Powerful words, knowledge and different points of view filled the President’s Dining Room on Oct. 28 during a debate put on by the University’s debate team for the Hot Spots lecture series.
With global warming of great international concern, many counties and states are beginning to enforce green regulations.
Along with these green regulations, new jobs will come and some current jobs will become obsolete.
“There is more than one perspective to every issue, there is even more than two and you have to understand and respect the other point of views,” debate team member Aaron Zamora said.
The event was an open debate – open to anyone who wanted to attend, give their input and get answers to questions they had about the information said in the debate.
“We encourage people to come out and debate,” Ryan Mansell, another member of the debate team, said. “With these public debates you get a lot of different perspectives and it is always more than two.”
The debate had members arguing for and against a greener economy.
The students who argued against said that if businesses changed regulations for the environment during the current economy they would take too much of a hit. No one is buying their product and in order to meet the requirements set by the government, companies are forced to lay off employees in order to maintain profit margins and survive.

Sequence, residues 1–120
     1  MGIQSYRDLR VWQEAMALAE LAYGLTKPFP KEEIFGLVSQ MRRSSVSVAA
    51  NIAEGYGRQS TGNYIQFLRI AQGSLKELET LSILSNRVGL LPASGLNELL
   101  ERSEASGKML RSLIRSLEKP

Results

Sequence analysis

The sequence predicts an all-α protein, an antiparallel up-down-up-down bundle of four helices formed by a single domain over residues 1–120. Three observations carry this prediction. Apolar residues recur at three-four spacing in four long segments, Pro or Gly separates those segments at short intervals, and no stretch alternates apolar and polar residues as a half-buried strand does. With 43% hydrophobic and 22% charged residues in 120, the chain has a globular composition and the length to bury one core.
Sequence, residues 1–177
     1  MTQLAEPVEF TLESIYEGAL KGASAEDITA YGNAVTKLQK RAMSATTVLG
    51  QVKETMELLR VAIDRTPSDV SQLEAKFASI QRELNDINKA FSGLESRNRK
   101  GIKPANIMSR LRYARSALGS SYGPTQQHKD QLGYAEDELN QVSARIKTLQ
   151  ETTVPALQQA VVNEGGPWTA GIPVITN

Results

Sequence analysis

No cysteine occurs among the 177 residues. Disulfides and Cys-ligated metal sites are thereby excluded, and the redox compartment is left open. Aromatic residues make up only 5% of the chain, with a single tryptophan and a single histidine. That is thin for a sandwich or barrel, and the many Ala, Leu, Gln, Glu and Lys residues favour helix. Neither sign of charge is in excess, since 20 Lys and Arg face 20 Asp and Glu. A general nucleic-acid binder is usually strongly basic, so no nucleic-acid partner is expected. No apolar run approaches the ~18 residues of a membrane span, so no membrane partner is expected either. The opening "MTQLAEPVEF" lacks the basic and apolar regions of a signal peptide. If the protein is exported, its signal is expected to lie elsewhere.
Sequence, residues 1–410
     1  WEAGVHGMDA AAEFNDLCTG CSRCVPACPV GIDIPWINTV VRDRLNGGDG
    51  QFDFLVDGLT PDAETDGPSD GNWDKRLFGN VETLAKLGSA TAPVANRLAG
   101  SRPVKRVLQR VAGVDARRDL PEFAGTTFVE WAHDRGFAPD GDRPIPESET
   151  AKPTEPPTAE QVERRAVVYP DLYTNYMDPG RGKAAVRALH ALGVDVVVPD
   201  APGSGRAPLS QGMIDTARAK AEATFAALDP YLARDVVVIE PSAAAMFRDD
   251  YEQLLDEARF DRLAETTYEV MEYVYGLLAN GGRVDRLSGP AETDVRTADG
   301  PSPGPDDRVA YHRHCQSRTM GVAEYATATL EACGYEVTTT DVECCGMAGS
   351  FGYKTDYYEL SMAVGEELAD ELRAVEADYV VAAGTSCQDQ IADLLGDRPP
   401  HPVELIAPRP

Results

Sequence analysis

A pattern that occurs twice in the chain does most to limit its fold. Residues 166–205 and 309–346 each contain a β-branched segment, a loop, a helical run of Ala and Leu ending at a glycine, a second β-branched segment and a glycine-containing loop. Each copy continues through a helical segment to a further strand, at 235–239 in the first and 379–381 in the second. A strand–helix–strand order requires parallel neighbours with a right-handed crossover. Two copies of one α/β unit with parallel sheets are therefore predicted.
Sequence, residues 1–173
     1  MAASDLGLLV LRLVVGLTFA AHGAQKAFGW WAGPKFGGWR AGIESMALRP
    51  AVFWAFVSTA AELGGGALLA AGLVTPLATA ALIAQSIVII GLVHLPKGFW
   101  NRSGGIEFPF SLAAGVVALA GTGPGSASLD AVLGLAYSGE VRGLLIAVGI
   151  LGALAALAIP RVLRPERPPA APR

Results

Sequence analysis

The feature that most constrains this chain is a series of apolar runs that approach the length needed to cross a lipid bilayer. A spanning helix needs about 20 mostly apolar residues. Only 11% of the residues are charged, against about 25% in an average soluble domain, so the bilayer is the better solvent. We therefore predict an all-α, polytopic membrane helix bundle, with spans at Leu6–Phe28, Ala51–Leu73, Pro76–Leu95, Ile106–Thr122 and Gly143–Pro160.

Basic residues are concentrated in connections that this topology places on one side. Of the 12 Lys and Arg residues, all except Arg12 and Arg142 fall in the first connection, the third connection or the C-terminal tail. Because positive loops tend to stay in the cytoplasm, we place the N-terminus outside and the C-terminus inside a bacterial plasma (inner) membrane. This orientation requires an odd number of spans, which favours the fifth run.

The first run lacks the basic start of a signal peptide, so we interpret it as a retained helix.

“Sometimes we have to play devil’s advocate,” said Sam French, another debater. “All the sides of every issue have merits, which makes issues difficult.”
The group who took the environmentalist side argued that changing regulations would not only create a better environment but also stimulate the economy.
The debaters said it would be a domino effect.
“When we run out of black resources, then there go the jobs,” Zamora said.
With going green, those jobs will become jobs with better resources, which means there is money in the green market.
With unemployment levels being so low it is easier to make the switch right now.
Another aspect of this debate was the open floor that allowed the crowd to have a chance to voice their opinions on what was said.
Once the floor was opened, the idea that had the most impact was about how in developing countries families are out of work and they don’t care about going green, they care about eating.
“They did a good job. It is tough to argue (both sides) but they made some good points,” said Jerome Garcia, associate professor of biology.
“People sometimes take their views for granted and we’re just trying to inform people to make their own decisions,” Zamora said
Nolasco Pesina can be reached at firstname.lastname@example.org.